As history making years go 2013 will certainly go down as the biggest of the lot for Wigan Athletic. The first FA Cup Quarter-final appearance in 26 years was closely followed by the clubs first ever FA Cup semi-final and you know the rest.
Another landmark moment takes place later this week as Wigan Athletic embark on their first ever European campaign, the Europa League has crept up on us. After that glorious day in May it was back to the day to day business of football and with upheaval both on and off the pitch supporters and players alike could be forgiven thinking this is a distraction we don’t need.
But whoever is named in the squad on Thursday night will be part of living history, the first and most probably only team to represent Wigan Athletic in European competition. When you take a step back and think about what this small club has achieved over the last two decades its all the more remarkable.
It’s disappointing that most of the media have decided to concentrate on Swansea’s return to European football as oppose to our debut in the competition. Part of that may well be down to the effect of relegation, relegation means you are an irrelevance in the eyes of the Premier League obsessed press and as the draw for Group D was made it certainly wasn’t going to help our efforts to get noticed on the European stage.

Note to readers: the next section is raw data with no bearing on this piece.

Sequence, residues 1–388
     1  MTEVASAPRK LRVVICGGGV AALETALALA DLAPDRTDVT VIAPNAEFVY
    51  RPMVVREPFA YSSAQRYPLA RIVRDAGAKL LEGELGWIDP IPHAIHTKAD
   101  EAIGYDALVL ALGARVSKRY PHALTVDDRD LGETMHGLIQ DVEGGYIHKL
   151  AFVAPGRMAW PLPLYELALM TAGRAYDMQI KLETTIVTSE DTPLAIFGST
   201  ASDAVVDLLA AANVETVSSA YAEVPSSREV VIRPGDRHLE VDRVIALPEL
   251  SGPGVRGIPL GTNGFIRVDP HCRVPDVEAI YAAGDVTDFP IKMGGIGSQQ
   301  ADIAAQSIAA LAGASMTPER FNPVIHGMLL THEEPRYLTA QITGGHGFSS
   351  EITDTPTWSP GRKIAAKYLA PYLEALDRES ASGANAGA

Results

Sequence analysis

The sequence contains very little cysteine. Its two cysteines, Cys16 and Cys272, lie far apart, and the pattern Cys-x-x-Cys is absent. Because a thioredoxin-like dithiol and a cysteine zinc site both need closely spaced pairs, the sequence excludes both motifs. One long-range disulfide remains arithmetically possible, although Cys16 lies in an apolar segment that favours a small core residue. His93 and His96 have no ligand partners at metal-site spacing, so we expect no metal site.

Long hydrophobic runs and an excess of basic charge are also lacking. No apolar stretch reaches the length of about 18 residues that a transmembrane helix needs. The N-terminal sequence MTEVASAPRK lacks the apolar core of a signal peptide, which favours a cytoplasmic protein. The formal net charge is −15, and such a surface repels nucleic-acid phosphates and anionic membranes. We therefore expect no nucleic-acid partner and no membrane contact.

But that could of course be a benefit the club have to decide just how seriously they want to take this competition, I understand completely the calls for us to play a reserve side and to concentrate on the punishing Championship campaign but the Europa League could work in our favour. A couple of decent performances and maybe a win here or there could build that momentum that we’re clearly in need of.
For Wigan Athletic to represent England in European football is a pipe dream even Dave Whelan wouldn’t have considered when he took us over in 1995. Promotion to the Premier League is one thing, staying there for eight seasons another but to win the FA Cup and qualify for the Europa League is really something else.
Wigan Athletic formed in 1932, only promoted to the Football League in 1978 and residing in the bottom two divisions until 2003 are amongst some of the biggest names in Europe. If you’re heading over to Bruges or watching on TV just take a moment to think about that and think back to all of those who went before us and who have missed out on some of the greatest days in our history.
If it wasn’t for those that fought so hard to get us in to the league, we wouldn’t be here now.
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